A severe storm that created several waterspouts roared onshore at a popular beach south of the Cuban capital over the weekend, injuring 38 people and damaging dozens of buildings, the island's official media reported Monday.
The waterspouts happened with little warning Saturday evening at Caimito beach, on the southern side of the island in Mayabeque province.
Local resident Jorge Luis Martinez told government-run website Cubadebate that the waves quickly grew to about 16 feet (5 meters) high, the sky turned dark and the damage was done "in less than a minute."
Communist Party newspaper Granma said more than 30 homes and state-operated structures including shops, restaurants and health facilities were damaged or destroyed.
It added that none of the injuries were life-threatening.
A waterspout is a sort of tornado that forms over water.
Cubadebate said there was no record of one hitting the area before.
Irregular weather in Cuba: A challenge
Two simultaneous meteorological events have been impacting Cuban weather since 2015 to date. Fourth driest period since 1961 registered in western Cuba
The drought which has been affecting Cuba since 2014 has had an significant impact on the country’s water resources, agriculture and other economic activities.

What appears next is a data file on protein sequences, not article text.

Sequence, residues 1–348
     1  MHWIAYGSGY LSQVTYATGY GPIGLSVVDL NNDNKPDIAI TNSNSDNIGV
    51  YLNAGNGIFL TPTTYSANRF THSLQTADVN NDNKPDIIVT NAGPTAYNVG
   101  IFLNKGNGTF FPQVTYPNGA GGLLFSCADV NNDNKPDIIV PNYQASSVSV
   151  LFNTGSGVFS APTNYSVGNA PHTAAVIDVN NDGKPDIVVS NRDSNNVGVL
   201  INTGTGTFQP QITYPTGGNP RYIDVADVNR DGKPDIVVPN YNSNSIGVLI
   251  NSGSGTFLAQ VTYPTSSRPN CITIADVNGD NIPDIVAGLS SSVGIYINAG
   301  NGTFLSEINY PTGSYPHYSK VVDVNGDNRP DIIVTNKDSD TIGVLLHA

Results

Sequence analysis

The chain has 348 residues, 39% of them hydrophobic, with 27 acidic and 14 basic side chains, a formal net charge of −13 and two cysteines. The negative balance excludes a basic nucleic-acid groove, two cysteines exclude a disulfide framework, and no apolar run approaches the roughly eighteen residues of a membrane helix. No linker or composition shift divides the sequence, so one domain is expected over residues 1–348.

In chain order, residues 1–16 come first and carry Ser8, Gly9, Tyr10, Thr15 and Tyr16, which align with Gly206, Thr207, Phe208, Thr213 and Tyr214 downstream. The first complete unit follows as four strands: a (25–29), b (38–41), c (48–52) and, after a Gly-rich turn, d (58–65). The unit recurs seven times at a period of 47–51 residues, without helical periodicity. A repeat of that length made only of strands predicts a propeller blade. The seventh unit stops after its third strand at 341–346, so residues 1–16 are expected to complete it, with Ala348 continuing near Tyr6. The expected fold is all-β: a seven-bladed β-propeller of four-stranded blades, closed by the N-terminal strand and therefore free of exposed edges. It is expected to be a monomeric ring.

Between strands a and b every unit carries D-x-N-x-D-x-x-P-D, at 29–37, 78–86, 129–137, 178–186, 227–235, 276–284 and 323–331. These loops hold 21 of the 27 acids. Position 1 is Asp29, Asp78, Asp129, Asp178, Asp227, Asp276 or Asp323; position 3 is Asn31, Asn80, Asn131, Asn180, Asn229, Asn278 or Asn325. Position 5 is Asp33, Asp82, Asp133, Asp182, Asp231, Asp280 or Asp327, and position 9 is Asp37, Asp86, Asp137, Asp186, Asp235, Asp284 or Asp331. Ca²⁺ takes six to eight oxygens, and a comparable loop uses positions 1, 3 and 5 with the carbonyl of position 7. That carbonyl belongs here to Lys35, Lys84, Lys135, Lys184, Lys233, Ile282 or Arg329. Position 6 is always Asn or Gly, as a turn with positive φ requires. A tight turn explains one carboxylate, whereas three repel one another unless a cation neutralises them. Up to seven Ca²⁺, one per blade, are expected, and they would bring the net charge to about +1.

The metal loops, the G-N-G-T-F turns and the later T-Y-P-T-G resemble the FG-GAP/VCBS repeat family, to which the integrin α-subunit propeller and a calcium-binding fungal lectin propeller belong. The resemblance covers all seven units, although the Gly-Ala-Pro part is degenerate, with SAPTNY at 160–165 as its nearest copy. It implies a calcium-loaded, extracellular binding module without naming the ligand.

However, the start of the rainy season now begs the question whether this marks an end to the country’s dry spell.
Heat records tumble
We can tell you about how temperatures have behaved during 2015.
That year we saw the highest average temperature recorded from 1951 to date.
This was due to global warming and was also influenced by the El Niño Southern Oscillation.
Said high also caused above-average temperatures around the rest of the country for almost all of 2015, mainly during the summer months in the west of the island.
Record highs were registered by the majority of the Meteorological Institute’s weather stations, especially in April 2015, when 28 new maximum temperatures were recorded.
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